Blood Tracking Dogs of Texas
Rosco's Third Find With a Twist

We put Trapper on this track first but he was a little over anxious to get at the deer. He was trying to cheat and find the deer without having to track. Since it wasn't Trapper's day I told Matt to get Rosco out and get him started on the trail. Now Rosco has been rock solid and... well I will let you read the hunter's story:

I was lucky enough to arrow a small buck Saturday morning. This has been a terrible year for bucks on our lease and this deer was one of the best I was able to see all season. Actually, there was MAJOR ground shrinkage and I should have left this one alone for about 3 more years, but that's my demon to live with. I shot the deer at 7:27 Sat. morning and waited a few minutes to go and retrieve my arrow. The arrow was covered with blood and everything looked great. I had aimed slightly far back because the deer was quartering away and was confident with the shot. I waited the usual half hour and began the search. I had watched which way the deer went and found the first blood about 15 yards away. After that, the trail was very sporadic with sign ranging from bright red blood in good quantities to sign on limbs and rocks. The problem was that he was not leaving this sign on a regular basis and the trail was very hard to follow. I was able to track the deer to one of our fence boundaries which was about 100-150 yards from the stand area. Here, the blood trail quit completely and I knew that help was needed. There was another hunter, Mark, on the lease last weekend and he helped look, but no more blood was sighted. I thought of Jeff and his dogs and went back to the camphouse to retrieve his number. Here is where luck finally started turning my way.
 Luckily, Jeff was at his place and returned my call within only a few minutes. We made arrangements to meet and he was at our lease within the hour. I had tried to contact the people on the neighboring lease for permission to cross the fence in case the deer did, but the gates were locked and I decided to just go ahead and cross that fence when and if the time came.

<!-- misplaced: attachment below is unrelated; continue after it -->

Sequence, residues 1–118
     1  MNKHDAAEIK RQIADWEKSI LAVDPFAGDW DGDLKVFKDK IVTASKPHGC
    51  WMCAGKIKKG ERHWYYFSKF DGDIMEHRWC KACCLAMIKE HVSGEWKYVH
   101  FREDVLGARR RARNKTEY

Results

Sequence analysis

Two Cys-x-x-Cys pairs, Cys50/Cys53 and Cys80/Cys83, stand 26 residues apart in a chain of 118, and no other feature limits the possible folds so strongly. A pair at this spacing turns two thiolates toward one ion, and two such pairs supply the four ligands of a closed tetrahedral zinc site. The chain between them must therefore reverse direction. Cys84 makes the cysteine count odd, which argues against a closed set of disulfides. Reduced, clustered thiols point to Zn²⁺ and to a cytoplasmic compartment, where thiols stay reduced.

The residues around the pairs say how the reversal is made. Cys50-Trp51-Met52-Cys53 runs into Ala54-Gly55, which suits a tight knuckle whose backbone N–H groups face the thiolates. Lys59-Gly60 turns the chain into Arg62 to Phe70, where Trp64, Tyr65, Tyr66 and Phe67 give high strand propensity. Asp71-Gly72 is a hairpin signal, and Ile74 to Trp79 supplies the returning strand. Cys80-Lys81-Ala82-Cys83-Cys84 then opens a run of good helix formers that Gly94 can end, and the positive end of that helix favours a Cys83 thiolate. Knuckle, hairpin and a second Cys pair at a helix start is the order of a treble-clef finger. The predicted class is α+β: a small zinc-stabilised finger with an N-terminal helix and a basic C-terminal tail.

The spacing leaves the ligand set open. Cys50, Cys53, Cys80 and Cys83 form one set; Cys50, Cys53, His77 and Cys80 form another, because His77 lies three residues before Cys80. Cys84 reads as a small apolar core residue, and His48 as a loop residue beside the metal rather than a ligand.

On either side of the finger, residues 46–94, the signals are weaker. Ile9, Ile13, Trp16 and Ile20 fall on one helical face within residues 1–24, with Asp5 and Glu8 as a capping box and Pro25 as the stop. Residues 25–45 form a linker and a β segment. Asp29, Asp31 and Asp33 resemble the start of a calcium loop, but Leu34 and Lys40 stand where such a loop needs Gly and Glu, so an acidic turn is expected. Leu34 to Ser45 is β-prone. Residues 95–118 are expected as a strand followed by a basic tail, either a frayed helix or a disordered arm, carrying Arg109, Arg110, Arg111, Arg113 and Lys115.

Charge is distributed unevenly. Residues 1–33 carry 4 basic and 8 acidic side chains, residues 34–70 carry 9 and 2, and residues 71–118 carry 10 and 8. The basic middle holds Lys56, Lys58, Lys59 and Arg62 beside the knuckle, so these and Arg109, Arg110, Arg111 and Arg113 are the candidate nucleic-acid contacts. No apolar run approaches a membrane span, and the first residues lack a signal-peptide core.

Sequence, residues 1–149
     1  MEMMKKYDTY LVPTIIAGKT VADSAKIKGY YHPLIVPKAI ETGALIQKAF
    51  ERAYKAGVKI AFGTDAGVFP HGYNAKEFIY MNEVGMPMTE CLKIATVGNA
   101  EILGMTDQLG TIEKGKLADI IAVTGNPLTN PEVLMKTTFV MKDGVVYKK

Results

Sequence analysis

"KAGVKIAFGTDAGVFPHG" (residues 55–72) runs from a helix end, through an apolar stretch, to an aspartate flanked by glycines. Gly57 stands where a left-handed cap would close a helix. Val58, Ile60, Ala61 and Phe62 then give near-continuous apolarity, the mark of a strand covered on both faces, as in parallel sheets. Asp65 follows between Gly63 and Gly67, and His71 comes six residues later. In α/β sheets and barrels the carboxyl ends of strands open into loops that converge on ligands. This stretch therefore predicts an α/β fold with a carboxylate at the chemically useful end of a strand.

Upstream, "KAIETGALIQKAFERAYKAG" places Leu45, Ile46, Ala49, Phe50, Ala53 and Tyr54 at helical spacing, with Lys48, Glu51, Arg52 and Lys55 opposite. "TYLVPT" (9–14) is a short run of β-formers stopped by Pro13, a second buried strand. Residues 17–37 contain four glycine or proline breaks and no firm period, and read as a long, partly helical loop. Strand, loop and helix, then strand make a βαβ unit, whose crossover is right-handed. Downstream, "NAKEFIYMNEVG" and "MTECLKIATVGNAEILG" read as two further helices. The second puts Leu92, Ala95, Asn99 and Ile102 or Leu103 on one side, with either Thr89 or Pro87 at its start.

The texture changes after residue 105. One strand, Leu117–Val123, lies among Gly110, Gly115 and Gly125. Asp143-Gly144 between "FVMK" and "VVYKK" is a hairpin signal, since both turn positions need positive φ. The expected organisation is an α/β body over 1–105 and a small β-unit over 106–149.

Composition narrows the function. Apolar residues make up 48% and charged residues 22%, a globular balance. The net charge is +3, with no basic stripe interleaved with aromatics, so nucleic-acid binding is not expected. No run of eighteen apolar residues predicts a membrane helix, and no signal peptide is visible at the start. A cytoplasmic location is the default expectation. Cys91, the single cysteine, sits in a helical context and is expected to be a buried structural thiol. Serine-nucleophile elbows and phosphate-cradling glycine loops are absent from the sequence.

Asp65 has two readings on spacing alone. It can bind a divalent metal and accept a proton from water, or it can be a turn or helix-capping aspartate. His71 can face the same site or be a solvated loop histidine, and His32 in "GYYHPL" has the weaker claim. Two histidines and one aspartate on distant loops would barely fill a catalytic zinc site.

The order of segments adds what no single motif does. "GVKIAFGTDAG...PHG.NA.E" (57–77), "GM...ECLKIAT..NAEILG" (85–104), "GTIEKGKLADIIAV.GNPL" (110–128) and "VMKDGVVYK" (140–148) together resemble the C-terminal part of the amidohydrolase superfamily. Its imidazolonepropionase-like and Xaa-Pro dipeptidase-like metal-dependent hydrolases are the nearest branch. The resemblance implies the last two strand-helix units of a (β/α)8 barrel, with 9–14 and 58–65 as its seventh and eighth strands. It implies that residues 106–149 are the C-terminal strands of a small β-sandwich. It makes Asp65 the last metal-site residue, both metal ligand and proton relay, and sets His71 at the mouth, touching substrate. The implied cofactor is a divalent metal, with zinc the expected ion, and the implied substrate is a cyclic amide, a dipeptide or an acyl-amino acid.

I met Jeff and his wife along with their three sons Matt, Trapper and Roscoe at our gate and quick introductions were made. The first thing I noticed was the strange looking cap Jeff was wearing. It had some type of red, white and blue arrowhead on it and something about a place called!
 We went to the stand location and Jeff first wanted to see the arrow. He thought it over and decided to use Trapper first because Trapper had not been on a trail in several weeks. The dog was, to put it midly, anxious to go and was put into a halter to keep from choking himself to death. There was a quick sniff of the arrow and the trail was on. I had marked the trail with pieces of a blue paper shop towel and at times Trapper was right on the trail and at other times he was catching scent in the air and leaving the marked trail. After a while, Jeff said that Trapper was "acting stupid" and asked Matt to get Roscoe. Roscoe was placed on the trail at the beginning and immediately picked up the scent and began his track. However, about this time we heard a "here he is" just in front us and Mark had found the deer about 50 yards from where I had lost the blood trail. The deer had turned back and was still on our side of the fence. The deer was recovered without the dogs, but I'm sure they would have done the job because Roscoe followed the trail straight to the buck. However, all that matters is the deer was recovered.
 Again, I send a sincere thank you to Jeff and his wife, Matt, Trapper and Roscoe. They came without delay to help a fellow bowhunter in need and are super people on top of that. The dogs are great, too! If you hunt in the Brown
County area and need help finding a deer, please give Jeff a call.


Even if the buck was found first I had to give Rosco credit for a job well done.